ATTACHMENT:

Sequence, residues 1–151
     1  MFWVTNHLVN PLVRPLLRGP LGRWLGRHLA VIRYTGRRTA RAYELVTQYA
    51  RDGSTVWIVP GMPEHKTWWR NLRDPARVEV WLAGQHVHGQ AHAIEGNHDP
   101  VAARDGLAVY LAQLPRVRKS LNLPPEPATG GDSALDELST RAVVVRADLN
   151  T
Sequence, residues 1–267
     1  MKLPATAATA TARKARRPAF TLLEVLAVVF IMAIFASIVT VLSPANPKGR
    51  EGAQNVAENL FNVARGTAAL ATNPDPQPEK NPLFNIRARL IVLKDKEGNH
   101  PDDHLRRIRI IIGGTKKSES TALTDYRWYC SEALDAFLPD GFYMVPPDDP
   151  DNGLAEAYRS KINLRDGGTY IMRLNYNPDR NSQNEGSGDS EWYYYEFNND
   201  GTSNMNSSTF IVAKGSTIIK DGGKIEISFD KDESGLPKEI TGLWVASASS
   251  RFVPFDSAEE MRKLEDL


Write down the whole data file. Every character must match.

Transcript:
Sequence, residues 1–151
     1  MFWVTNHLVN PLVRPLLRGP LGRWLGRHLA VIRYTGRRTA RAYELVTQYA
    51  RDGSTVWIVP GMPEHKTWWR NLRDPARVEV WLAGQHVHGQ AHAIEGNHDP
   101  VAARDGLAVY LAQLPRVRKS LNLPPEPATG GDSALDELST RAVVVRADLN
   151  T
Sequence, residues 1–267
     1  MKLPATAATA TARKARRPAF TLLEVLAVVF IMAIFASIVT VLSPANPKGR
    51  EGAQNVAENL FNVARGTAAL ATNPDPQPEK NPLFNIRARL IVLKDKEGNH
   101  PDDHLRRIRI IIGGTKKSES TALTDYRWYC SEALDAFLPD GFYMVPPDDP
   151  DNGLAEAYRS KINLRDGGTY IMRLNYNPDR NSQNEGSGDS EWYYYEFNND
   201  GTSNMNSSTF IVAKGSTIIK DGGKIEISFD KDESGLPKEI TGLWVASASS
   251  RFVPFDSAEE MRKLEDL